Backgrounder: Adrian Nicole LeBlanc

Adrian Nicole LeBlanc
Adrian Nicole LeBlanc. Photo: © Kristine Larsen.

In a September 2001 episode of the radio program This American Life, Adrian LeBlanc related the story of helping her father Adrian compose his obituary. A union representative who believed fiercely in the nobility of blue-collar life, he insisted on only one thing: the headline had to read, "Adrian LeBlanc, Product of the Working Class." This tagline could easily apply to his daughter as well. Weaned on progressive ideology, LeBlanc gives voice to the experiences of common people.

Over the past 41 years, she has had plenty of opportunities to embrace elitism, but has maintained a deep pride in her working-class roots. She left Leominster, Massachusetts, the small, industrial town where she grew up, to attend Smith College, a bastion of privilege. While just 70 miles apart, the psychic distance separating Smith from Leominster was immediately apparent to LeBlanc. “It was clear that in the eyes of a lot of people my experience was invisible and irrelevant," said LeBlanc, in a 2004 interview with the Columbia Journalism Review.

After graduating from Smith in 1986, LeBlanc moved on to Oxford University, where she earned a masters in philosophy and modern literature. In '93, she attended Yale Law School on a fellowship from the Knight Foundation. But years of rubbing elbows with the upper class only fed LeBlanc's need to tell the stories of the underrepresented.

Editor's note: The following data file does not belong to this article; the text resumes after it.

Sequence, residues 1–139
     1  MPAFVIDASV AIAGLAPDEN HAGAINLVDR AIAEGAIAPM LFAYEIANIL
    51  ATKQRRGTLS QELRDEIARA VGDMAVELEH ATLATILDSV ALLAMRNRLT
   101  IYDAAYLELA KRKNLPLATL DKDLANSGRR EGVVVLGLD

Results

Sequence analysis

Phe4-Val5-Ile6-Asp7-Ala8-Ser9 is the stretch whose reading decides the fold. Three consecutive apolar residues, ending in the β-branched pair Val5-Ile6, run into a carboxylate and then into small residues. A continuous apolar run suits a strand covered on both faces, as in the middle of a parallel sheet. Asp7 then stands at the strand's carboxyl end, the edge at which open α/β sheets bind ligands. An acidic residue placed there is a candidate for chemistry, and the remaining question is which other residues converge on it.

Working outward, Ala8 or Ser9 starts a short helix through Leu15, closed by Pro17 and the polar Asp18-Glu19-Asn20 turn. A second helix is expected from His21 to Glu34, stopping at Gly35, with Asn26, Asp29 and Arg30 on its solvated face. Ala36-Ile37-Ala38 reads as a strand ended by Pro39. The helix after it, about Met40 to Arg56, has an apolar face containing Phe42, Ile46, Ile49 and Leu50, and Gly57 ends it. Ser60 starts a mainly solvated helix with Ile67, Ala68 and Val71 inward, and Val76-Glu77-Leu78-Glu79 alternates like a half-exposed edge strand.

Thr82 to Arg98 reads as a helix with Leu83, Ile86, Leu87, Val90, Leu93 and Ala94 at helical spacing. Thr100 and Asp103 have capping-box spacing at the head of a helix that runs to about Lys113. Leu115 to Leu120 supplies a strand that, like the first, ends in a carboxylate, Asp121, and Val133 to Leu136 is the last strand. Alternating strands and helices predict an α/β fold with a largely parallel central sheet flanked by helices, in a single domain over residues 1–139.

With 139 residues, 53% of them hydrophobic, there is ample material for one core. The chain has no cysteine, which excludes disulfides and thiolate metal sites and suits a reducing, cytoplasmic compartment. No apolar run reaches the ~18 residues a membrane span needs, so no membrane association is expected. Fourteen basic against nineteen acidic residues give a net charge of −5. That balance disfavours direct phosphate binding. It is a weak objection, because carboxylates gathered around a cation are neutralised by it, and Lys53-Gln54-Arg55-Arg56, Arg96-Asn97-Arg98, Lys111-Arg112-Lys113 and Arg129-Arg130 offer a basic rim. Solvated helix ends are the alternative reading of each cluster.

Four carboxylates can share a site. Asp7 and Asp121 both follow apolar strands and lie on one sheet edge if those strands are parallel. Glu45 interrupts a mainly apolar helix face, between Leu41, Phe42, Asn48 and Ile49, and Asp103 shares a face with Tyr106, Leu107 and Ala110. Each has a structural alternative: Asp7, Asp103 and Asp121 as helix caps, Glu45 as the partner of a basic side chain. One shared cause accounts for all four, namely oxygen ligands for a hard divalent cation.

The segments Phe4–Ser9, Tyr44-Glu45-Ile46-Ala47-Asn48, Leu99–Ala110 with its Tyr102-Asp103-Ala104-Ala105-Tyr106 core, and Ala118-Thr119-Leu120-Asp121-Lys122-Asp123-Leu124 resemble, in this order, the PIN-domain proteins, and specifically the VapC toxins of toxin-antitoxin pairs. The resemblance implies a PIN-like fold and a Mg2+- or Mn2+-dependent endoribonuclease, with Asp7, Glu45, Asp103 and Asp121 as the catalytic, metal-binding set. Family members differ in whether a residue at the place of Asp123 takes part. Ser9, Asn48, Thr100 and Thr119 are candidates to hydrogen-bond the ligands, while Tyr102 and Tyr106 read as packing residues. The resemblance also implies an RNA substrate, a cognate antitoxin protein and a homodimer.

LeBlanc has written for The New Yorker, the Village Voice and Esquire, among other magazines, on topics ranging from juvenile justice to women in prison to ostracized children. But she is best known for Random Family: Love, Drugs, Trouble and Coming of Age in the Bronx, a nonfiction novel chronicling the lives of an extended Puerto Rican family from the South Bronx, caught in the inexorable cycle of poverty. In it, LeBlanc explores the socio-economic conditions that conspire to bar the family's entry into the middle class.

Published in 2003, Random Family was the product of 12 painstaking years of research, reporting, and writing. Although LeBlanc went through five editors and two publishers, she remained convinced that she'd found a story worth telling, a leap of faith vindicated by the book's phenomenal success. To date, it has gone through seven reprints and won numerous awards, including a Margolis Award (a prize granted to emerging writers concerned with social justice) and an International Lettre Award, an honor bestowed on reporters exploring "unfamiliar territories" by the Aventis Foundation and Lettre International.

In 2005, LeBlanc told an interviewer from the Worcester, Massachusetts-based Telegram & Gazette that her next nonfiction book would focus on the lives of stand-up comedians. While reluctant to discuss the details of the project, LeBlanc told reporter Craig Semon that she’d been working on the book for roughly two years. In an interview with this writer in early November, she said that she is deeply immersed in the lives of her subjects and in no rush to define her book-in-progress. Said LeBlanc, “It’s my nature to give myself room to not know for a long time.”

Orli Van Mourik is a graduate student in the NYU Department of Journalism.